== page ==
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Students take the lead in new course about person-centered care

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Students from four different degree programs are attending a brand new course in person-centered care at Sahlgrenska Academy to learn about, with and from each other. Just as patients are active partners in person-centered care, the students are assuming major responsibility for both content and learning.

Centering on Persons in the Healthcare System and Social Services is a second-cycle elective. The pilot project will be documented and evaluated. The goal is to expand and ultimately offer the course to all Sahlgrenska Academy students.

All forty participants in the initial course have completed at least one year of the occupational therapy, physical therapy, medical or nursing program.

Kristina Rosengren“The students appear to be attracted by the concepts of both person-centered care and interdisciplinary teaching and learning,” says Kristina Rosengren, an instructor in the nursing program. “The twenty-first century teaching methods no doubt appeal to this generation as well.” She collaborated with teachers and students from all four programs in designing the course.

The students met for the first time just the other day. Each of them had the chance to articulate their vision of the course and person-centered care over a cup of coffee.

“They wrote their ideas, expectations and apprehensions on balloons that they had blown up,” Kristina Rosengren says. “Many of them were excited but a few were afraid that the course would have a touchy-feely atmosphere about it.”

The course is an initiative by the University of Gothenburg Center for Person-centered Care (GPCC). A number of the center’s studies have found that patients and clients of the healthcare system and social services experience a greater sense of security, are less prone to develop complications, require fewer hours of attention and generate lower costs when the approach is taken.

The Swedish healthcare system is in the midst of a paradigm shift. Both students and professionals are thirsty to find out more about ways of adopting person-centered care at various levels. The purpose of the course is to share our findings so that the orientation can begin to take hold in clinical practice.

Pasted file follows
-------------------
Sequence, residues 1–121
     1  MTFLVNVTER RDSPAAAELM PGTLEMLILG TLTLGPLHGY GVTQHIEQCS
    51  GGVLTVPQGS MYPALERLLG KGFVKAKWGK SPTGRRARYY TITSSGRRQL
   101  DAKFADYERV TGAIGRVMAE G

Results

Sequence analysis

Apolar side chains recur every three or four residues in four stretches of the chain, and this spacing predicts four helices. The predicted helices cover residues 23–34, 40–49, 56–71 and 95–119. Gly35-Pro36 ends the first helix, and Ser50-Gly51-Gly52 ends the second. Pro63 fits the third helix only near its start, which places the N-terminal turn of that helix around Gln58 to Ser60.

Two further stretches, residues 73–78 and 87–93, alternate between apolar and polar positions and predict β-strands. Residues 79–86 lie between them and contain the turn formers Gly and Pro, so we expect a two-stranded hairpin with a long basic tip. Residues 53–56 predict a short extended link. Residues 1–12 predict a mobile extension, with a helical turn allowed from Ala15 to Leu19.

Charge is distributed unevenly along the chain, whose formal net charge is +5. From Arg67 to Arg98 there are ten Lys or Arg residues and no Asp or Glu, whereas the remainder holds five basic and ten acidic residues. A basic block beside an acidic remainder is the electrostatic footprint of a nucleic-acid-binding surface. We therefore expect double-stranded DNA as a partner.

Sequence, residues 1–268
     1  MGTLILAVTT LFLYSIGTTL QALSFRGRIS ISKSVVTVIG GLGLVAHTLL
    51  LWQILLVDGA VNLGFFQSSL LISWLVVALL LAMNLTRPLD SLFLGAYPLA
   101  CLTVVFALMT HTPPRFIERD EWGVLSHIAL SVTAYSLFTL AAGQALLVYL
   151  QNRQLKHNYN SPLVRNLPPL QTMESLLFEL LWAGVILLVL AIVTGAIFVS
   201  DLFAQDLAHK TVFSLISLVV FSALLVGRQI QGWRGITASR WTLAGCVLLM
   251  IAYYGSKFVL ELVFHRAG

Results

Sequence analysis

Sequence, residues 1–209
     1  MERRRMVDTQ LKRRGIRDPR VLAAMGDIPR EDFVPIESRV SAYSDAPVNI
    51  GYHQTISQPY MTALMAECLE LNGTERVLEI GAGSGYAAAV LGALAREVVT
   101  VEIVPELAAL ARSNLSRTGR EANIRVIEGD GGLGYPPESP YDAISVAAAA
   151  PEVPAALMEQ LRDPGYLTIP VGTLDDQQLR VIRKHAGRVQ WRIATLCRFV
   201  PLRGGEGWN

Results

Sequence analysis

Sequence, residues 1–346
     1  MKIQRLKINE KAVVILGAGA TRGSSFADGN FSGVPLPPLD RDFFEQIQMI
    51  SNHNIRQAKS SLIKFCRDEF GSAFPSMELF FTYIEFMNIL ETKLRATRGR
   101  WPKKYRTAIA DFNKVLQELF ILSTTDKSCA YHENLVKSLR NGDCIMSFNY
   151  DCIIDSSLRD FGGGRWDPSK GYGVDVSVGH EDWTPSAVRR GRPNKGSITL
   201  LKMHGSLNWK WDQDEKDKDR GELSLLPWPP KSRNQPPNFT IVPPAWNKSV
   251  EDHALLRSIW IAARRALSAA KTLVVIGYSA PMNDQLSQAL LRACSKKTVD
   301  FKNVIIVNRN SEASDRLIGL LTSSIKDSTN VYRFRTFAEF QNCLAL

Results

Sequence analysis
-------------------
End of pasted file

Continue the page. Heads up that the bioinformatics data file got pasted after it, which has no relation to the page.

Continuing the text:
Students lead the way with student-centred learning

Students working together in the courseClassroom sessions are broken down into teams based on a mentoring system. There is no reading list and traditional lectures have fallen by the wayside. The course borrows generously from the flipped classroom model.

The coordinators publish suggestions for videos, presentations, narratives, references and other learning aids on the GUL portal in accordance with the blended learning method. The students are at liberty to find sources of their own that reflect their individual notions of person-centered care in relation to their future profession.

A team effort

The Swedish Research Council for Health, Working Life and Welfare (FORTE) sponsored course development last year by a large team of teachers and students from several different programs. GPCC and the vice dean for program issues—along with the directors of the occupational therapy, physical therapy, medical and nursing programs—took the original initiative. Tomas Grysell, a teaching and learning specialist and researcher at Pedagogical Development and Interactive Learning (PIL), contributed his expertise.

Lecturers planning the courseThe following people put the syllabus together: Catarina Wallengren and Irma Lindström (Program Coordinators, GPCC), Louise Danielsson and Christina Finnsbäck (Teachers, Physical Therapy Program), Inger Jansson and Kristina Rosengren (Teachers, Nursing Program), Qarin Lood (Teacher, Occupational Therapy Program), Denislava Mintcheva and Marie Walther (Teachers, Medical Program), Anja Björkman (Student, Nursing Program), Johanna Fossenstrand (Student, Physical Therapy Program) and Anna Ruus (Student, Medical Program).

TEXT: ELIN LINDSTRÖM CLAESSEN